A future where just being outside in the sunlight is enough to keep your electronic devices charged up is around the corner. A group of scientists from Britain’s Nottingham Trent University have discovered a way to achieve this with solar-powered clothing. They’ve successfully demonstrated the technology can be used to top up a Fitbit or a smartphone.
Essential reading: Moving away from the wrist, the best smart clothing
The research is about embedding micro-scale solar cells into electric yarns in order to create fabrics. Each cell is extremely small and measures only 3mm in length and 1.5 mm in width.
You can weave 200 of these babies into a piece of fabric measuring only 5 square centimeters. This number of cells generates 2.5 to 10 volts and up to 80 milliwatts in power when exposed to light. Scientists say you would need around 2,000 cells to charge a smartphone, so a shirt would provide ample room as this equates to some 50 square centimeters of needed space.
“By embedding miniaturized solar cells into yarn, we can create clothing and fabric that generate power in a sustainable way,” said project lead Tilak Dias.
“The clothing would look and behave like any other textile, but within the fibers would be a network of miniaturized cells, which are creating electricity.”
The cells are so tiny they would not change the feel or look of the fabric. Plus they are encased in resin, which means you can wash them in a normal manner.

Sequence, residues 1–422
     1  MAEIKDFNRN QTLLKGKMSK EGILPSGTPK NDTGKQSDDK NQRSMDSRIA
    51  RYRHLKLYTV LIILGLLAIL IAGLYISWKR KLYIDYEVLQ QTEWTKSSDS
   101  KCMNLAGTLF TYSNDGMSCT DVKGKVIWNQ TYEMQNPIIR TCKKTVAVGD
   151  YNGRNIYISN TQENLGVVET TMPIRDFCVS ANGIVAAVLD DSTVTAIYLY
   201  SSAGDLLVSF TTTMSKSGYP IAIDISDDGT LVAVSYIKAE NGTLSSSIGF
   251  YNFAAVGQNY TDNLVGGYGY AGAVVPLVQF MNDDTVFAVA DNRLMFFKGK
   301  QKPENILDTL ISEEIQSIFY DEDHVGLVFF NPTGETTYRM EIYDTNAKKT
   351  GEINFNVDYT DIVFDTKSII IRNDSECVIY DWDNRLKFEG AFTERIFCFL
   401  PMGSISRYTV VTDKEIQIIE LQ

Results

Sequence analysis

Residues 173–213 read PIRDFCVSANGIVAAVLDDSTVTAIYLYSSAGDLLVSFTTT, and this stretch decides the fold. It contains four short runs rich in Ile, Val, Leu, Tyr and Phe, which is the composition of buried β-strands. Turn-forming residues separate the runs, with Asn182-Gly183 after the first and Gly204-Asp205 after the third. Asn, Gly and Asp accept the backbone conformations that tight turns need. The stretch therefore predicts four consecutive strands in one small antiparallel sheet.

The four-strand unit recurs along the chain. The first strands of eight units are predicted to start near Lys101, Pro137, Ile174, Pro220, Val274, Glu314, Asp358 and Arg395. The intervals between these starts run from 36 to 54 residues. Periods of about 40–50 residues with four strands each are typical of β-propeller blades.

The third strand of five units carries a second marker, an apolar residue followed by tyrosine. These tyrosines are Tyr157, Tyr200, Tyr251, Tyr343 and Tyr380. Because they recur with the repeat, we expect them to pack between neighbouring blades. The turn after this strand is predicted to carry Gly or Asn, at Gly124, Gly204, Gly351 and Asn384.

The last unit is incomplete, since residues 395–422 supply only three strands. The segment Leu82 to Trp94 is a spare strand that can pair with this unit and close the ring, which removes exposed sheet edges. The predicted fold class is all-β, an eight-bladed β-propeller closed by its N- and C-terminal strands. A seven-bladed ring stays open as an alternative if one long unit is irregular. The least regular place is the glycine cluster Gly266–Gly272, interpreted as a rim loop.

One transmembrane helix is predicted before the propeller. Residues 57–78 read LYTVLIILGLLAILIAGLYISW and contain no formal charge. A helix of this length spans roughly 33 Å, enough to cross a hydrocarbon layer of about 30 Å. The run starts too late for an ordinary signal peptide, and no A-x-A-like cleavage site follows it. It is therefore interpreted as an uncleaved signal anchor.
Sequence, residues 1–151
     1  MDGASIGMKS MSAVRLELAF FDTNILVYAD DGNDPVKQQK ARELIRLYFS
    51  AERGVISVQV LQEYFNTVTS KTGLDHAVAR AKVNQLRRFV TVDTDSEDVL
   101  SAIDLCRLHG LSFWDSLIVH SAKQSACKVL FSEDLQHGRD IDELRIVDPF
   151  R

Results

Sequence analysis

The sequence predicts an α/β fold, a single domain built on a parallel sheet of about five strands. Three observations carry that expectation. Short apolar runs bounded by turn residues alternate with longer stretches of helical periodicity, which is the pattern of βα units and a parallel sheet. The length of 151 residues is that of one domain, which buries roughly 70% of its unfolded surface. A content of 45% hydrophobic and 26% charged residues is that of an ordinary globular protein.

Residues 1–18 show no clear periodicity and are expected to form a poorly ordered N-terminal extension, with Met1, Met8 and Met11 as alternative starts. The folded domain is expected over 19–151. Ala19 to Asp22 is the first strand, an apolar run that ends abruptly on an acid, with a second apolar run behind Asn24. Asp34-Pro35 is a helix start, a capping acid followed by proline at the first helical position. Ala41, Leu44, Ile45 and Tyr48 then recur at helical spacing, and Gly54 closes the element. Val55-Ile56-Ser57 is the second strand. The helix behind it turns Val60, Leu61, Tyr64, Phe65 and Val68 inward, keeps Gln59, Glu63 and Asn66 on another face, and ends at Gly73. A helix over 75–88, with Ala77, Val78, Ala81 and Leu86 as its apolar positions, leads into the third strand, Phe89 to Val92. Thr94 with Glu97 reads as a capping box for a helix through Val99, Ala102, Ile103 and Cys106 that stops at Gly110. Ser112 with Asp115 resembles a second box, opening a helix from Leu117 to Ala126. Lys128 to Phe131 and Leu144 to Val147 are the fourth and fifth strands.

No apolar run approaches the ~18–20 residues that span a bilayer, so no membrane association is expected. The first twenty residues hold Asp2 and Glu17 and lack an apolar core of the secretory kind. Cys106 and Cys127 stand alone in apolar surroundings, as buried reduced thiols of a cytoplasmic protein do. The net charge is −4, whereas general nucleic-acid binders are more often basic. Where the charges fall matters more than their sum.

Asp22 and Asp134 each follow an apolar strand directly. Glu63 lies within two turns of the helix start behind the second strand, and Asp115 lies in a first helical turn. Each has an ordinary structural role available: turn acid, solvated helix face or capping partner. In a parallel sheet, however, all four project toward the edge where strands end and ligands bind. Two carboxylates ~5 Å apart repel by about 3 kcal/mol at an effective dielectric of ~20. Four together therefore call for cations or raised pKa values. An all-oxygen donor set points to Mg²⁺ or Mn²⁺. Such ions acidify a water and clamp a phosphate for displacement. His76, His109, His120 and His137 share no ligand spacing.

This will especially be useful when the concept of smart clothes catches on. Its fair to say, these types of garments have yet to reach mass market appeal. But sensors embedded into your everyday wear are in a much better position to under stand the minute workings of your body than something sitting on your wrist.
In fact, smart clothing is expected to have the second highest growth rate over the next five years behind hearables. Albeit, this is from a relatively low starting base. A recent ABI Research report expects shipments of intelligent garments to increase from just under 5 million in 2017 to over 31 million. This represents an incredible annual growth rate of 45% per year by 2022.
Embedding solar charging yarns in fibers and yarns would only add to their appeal. And let’s not forget the benefits to the environment. The technology would help to reduce air pollution, water pollution, or greenhouse gases.
“This is an exciting technology which could revolutionise the way we think about solar power, clothing and wearable technology,” commented researcher Achala Satharasinghe.
“With the availability of miniaturised solar cells, we can generate power in a range of new ways, by utilising things like clothing, fashion accessories, textiles and more. It will allow mobile devices to be charged in environmentally-friendly ways which are more convenient for consumers than ever before.”
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